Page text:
Modern Litho Focuses on Short-run Work with Speedmaster Press

Pictured, from the left, are Darrell and Chris Moore; Trent and Darla Porter; Greg and Becky Meeker; and Nelson and Debra Patterson, standing next to Modern Litho's eight-color Speedmaster XL 105 press.

KENNESAW, GA—March 4, 2013—Expectations were high when Modern Litho (Jefferson City, MO) took delivery of an eight-color Speedmaster XL 105 long perfector with CutStar sheeter, Inpress automated color control, and AutoPlate XL last summer. More than six months later, the company’s initial expectations and early impressions have been confirmed, and the company is well on the way to fulfilling a long-term growth strategy focused on short-run, quick-turn production.

Within two months of installation, the new press had logged more than six million double-sided impressions, demonstrating greater productivity than that of all three existing presses it had replaced, and making the already-thriving company more competitive on an ever-growing volume of short-run work. Today, both productivity and quality remain consistently high, with the eight-color XL press registering 28.7 million double-sided impressions to date, with a total of 38 million projected for its first year in operation.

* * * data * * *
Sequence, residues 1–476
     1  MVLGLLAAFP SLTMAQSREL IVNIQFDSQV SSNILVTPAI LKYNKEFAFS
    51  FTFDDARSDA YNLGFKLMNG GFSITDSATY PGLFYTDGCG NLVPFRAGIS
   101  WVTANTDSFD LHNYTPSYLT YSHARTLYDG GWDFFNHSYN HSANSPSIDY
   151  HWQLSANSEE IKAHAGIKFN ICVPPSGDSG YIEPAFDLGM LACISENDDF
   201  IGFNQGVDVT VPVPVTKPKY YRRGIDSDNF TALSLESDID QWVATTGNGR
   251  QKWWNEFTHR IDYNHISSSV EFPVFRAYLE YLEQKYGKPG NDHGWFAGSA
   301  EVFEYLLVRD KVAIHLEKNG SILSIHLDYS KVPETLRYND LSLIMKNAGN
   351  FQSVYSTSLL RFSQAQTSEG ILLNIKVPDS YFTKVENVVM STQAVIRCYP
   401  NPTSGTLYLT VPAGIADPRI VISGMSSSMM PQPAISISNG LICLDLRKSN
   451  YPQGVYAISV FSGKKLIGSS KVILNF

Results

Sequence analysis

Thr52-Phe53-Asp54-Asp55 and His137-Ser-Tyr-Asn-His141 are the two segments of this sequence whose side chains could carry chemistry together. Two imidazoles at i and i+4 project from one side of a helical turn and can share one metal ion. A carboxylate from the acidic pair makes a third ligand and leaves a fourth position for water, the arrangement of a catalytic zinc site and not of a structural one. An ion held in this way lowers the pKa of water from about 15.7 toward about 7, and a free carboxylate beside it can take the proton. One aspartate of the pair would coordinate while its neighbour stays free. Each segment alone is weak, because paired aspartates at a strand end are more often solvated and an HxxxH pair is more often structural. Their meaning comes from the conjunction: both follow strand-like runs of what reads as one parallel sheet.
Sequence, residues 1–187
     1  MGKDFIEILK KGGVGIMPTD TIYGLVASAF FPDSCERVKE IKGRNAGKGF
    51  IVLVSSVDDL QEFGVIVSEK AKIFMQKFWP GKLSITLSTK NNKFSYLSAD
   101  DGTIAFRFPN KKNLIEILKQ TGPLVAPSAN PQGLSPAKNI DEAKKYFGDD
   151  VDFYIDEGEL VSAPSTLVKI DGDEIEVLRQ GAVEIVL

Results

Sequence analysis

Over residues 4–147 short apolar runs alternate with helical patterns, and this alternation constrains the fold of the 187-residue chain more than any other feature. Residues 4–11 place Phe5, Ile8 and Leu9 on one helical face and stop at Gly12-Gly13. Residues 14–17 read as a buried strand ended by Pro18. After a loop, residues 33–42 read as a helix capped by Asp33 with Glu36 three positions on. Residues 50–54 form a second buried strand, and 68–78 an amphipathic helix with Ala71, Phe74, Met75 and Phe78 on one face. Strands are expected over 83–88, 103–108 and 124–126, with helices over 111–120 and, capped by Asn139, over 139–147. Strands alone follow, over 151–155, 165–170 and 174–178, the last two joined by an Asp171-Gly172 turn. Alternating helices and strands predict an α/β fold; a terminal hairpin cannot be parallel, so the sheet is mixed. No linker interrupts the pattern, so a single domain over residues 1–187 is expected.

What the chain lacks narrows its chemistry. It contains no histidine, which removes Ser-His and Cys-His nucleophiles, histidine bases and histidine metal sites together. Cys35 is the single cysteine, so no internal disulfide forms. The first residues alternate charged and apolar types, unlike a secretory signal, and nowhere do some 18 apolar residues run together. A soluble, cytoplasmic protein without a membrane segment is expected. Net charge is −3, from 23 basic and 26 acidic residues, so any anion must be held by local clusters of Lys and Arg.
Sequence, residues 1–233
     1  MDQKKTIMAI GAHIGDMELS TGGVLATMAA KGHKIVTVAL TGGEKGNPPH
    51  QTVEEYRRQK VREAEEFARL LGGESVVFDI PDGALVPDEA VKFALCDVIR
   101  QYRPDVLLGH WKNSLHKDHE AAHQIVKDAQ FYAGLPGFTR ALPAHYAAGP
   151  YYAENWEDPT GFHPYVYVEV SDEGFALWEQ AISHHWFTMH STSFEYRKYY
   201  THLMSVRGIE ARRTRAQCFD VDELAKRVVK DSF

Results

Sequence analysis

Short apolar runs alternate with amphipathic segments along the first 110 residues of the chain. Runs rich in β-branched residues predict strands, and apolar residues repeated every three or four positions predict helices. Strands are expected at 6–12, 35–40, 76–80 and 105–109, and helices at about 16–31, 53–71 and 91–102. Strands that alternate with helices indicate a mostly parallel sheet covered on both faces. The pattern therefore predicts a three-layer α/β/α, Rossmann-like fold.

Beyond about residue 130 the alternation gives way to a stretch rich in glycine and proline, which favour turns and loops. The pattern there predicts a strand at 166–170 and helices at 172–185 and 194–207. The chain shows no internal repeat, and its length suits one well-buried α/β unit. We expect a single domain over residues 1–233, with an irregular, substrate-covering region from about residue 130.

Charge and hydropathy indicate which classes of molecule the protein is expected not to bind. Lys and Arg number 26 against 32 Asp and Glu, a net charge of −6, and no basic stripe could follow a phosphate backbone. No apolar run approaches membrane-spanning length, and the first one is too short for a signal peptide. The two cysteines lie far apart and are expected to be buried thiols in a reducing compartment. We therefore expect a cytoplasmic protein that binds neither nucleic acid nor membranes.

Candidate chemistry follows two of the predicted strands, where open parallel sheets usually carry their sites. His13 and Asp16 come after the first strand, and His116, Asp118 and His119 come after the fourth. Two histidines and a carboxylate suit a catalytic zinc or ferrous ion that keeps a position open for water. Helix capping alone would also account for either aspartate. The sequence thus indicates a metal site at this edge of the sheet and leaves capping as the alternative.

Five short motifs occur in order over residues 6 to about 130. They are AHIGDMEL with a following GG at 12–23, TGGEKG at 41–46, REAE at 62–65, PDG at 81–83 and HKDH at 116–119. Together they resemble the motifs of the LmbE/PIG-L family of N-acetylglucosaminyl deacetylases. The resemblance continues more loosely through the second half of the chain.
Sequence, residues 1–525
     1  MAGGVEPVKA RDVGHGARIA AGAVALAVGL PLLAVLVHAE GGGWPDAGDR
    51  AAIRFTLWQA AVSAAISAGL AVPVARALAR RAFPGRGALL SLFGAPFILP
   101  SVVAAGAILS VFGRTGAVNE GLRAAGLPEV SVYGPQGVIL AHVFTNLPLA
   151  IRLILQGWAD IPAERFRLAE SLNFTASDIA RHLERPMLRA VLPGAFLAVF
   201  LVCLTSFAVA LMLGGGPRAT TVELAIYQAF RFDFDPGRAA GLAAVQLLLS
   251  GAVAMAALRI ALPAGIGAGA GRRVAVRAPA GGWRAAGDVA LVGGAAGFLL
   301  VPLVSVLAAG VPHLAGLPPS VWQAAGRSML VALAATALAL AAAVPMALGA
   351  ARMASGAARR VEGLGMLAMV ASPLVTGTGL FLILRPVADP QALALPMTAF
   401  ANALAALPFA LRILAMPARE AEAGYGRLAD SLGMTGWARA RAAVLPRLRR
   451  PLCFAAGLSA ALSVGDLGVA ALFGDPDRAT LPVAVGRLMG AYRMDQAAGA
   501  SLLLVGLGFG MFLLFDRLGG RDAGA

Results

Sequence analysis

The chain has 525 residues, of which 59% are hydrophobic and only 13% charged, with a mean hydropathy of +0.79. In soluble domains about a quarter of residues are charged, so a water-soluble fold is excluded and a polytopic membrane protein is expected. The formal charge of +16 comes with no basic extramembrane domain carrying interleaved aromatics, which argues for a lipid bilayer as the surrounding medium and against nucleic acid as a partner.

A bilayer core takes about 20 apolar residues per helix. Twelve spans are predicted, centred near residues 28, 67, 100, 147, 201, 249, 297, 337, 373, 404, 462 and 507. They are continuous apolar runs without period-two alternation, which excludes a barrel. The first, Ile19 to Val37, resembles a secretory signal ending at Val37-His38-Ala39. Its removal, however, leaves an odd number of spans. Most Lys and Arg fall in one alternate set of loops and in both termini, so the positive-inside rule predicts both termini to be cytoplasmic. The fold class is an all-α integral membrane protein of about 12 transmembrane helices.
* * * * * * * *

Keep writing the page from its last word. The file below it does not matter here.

“We originally budgeted for 3 percent growth, but actually grew more than 10 percent in 2012 with sales of $17.6 million,” said company president Darrell Moore. “We couldn’t have done it without the new press. It’s everything we hoped for and more.”

Among the problems Modern Litho hoped to resolve with the addition of a second Speedmaster XL 105 was the backlog created when jobs intended for its existing presses stayed on plate too long—up to three or four days in some cases—before moving to press. Since the new machine was installed, “Our bindery now gets the job much earlier in the cycle. That takes away a lot of the stress we’ve been dealing with.”

Pleased as he is with the productivity of the new press, Moore reserves special praise for Heidelberg’s integrated inline color measuring system Prinect Inpress Control, which he credits with keeping the company’s quality consistently high and with helping to slash makeready times by up to 25 percent with much less start-up waste.

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